Like Terk-Delaunay, who envisioned mass produced fashion that would eliminate the class division between prêt-à-porter and haute couture, Popova and Stepanova tried to design clothes that were a variation of Terk-Delaunay’s use of the tissu-patron which delivered the fabric and the dress design to the customer as an integrated product. Like architects in Europe who thought in term “typification” or standardization, Popova and Stepanova worked with templates which could be varied by fabric design not necessarily by changing the cut of the garment.  In other words, a simple easy to make garment enlivened by bright bold designs could be mass manufactured by machines. The workers in the textile industry would be gainfully employed—and most of the were women—and the Soviet economy could be moved forward—thanks to art and artists. However, both Popova and Stepanova designed for a fantasy client and for an imaginary world that never came about in their lifetimes. The targeted clients were put off by the Suprematist motifs. Not quite understanding the origin of the designs, the average woman had been trained to prefer traditional floral designs and was not inclined to be avant-garde, nor did she seem to want to put on new clothes that would change her life, meaning her attitude. Adding to the difficulties of re-dressing a society, the Soviet authorities who visited the 1925 world’s fair in Paris, the exhibition that inspired the name Art Deco, saw the disturbing similarities between Cubism and Soviet revolutionary designs in art, design and architecture. Of course, there were common roots, and this morphological affinity disturbed the ideologically pure Revolutionaries, who were dismayed by the decadent uses of decorative art in French culture, indicating the un-Russian roots of the ghosts of avant-garde art. Over the next ten years, government opinion would turn decisively against the avant-garde. Popova did not live long enough to be repressed by the Stalinist regime, she died of scarlet fever in 1928. Stepanova and Rodchenko found that Stalin was uninterested in their productions and receded into a safe background, living out their lives quietly in a Russia where the avant-garde was no longer welcome. Rodchenko devoted himself to photography and returned to painting and other less politically loaded pursuits. The erasure of the avant-garde past was a Stalinist act and was a visible assertion of or an announcement of a new power overtaking an old power—Soviet socialist realism replacing the impossible dreams of the avant-garde with a regressive return to the idea that it was the ruler, not the artists, who would construct this new utopian dream. It has been pointed out that, at the official level—that is art above the folk art or peasant culture—Russia had no modern culture of its own. Since Peter the Great everything had been borrowed from the West. The ruling class thought only to modernize and to upgrade that which was primitive and backwards to bring Russia into contemporary society. The Constructivism which characterized the early twentieth century in the Russian avant-garde was based upon European inspirations and was part of an international dialogue on modernity. Certainly, there were uniquely Russian versions of modernism, reconfigured for the needs of the Revolution, but there was nothing inherently or uniquely Russian about the avant-garde before or after the Revolution. Stalin had no hesitation in wiping out recent history and producing his own vision of Communism. While it is customary to retell the myth of the avant-garde as victim—and there is a great deal of truth in that interpretation—Soviet Socialism under Stalin was equally powered by the intelligentsia, who were fueled by a practical need to communicate. Avant-garde art, expressed most widely through posters and mass media, was, to be sure, difficult for the lower classes to connect with, but with the proper government intervention, this new language could have become the new visual vocabulary of the Stalinist stage of the Revolution, but Stalin needed his own style, his own message delivered in his own vocabulary. However, history is nothing if not ironical. Today, the aesthetic of Stalin has also been swept into the discard pile along with the naïve fantasies of the avant-garde. Russia continues its identity struggle, seemingly reaching back beyond the avant-garde of the twenties and the Stalinist era from the thirties, to find inspiration in the empires of the past.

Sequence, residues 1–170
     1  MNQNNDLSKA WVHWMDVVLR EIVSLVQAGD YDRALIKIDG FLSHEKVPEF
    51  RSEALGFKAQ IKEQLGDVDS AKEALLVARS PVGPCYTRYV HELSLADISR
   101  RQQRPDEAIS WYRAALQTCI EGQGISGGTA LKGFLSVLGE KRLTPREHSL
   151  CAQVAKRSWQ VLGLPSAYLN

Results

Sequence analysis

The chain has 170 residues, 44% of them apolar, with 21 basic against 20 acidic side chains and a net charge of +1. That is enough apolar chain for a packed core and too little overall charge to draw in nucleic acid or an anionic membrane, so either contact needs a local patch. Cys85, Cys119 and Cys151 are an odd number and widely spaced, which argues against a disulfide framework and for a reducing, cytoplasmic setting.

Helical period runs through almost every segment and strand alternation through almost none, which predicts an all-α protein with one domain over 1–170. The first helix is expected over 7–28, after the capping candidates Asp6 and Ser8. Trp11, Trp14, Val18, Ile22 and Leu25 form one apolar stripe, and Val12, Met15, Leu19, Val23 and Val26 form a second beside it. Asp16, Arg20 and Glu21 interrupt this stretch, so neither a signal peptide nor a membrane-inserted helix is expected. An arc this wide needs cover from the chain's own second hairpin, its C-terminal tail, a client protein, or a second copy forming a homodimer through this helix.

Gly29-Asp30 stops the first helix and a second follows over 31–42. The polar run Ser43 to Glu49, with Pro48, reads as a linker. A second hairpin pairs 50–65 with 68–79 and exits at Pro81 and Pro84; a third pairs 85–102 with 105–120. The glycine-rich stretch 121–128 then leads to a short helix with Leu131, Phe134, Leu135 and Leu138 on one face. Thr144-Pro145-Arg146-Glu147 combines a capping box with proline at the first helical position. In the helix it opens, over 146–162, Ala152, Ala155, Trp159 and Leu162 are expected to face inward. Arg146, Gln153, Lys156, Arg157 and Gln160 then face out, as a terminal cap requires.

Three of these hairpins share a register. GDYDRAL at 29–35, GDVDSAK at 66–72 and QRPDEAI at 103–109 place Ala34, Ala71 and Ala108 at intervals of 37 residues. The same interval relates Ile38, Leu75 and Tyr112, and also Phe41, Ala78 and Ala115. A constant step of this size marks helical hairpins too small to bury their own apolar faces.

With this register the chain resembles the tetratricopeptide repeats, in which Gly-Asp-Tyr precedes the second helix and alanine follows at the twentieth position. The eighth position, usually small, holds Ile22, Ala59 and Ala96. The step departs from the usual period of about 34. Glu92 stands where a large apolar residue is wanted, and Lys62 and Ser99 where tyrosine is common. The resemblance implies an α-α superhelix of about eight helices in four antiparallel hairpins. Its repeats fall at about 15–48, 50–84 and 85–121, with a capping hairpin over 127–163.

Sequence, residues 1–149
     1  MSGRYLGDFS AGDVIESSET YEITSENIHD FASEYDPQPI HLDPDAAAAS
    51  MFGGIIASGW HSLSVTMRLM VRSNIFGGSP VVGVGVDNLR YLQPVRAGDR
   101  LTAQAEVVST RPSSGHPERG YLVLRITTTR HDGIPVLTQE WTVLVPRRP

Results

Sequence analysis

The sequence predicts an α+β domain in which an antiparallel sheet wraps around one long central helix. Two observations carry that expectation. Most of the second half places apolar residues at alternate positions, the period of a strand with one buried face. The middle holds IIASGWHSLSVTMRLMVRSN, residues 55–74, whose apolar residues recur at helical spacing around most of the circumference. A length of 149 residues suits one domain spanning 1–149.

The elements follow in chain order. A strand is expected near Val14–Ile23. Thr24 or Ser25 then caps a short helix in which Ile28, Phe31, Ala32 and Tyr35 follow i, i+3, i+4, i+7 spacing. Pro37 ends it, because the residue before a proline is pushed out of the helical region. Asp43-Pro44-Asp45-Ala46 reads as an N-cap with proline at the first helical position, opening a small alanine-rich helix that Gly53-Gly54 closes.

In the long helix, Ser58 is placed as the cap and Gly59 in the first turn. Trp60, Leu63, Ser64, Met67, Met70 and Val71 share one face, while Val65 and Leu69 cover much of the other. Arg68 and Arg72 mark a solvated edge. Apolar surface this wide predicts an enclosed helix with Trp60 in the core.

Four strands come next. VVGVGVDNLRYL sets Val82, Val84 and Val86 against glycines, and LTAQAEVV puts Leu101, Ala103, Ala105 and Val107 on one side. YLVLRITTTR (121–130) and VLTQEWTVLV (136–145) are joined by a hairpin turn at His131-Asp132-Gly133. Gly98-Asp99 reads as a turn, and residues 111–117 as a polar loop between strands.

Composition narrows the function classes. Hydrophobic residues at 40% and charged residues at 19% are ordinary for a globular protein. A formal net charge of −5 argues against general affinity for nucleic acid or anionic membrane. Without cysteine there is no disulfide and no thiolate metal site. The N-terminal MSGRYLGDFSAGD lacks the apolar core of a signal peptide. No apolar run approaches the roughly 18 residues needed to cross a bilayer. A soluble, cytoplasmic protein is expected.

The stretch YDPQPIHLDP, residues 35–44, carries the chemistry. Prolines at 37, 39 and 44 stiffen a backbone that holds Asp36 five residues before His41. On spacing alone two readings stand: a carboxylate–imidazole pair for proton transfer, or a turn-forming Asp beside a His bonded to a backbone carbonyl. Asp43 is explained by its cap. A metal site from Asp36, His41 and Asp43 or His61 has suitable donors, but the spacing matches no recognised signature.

If you have found this material useful, please give credit to Dr. Jeanne S. M. Willette and Art History Unstuffed.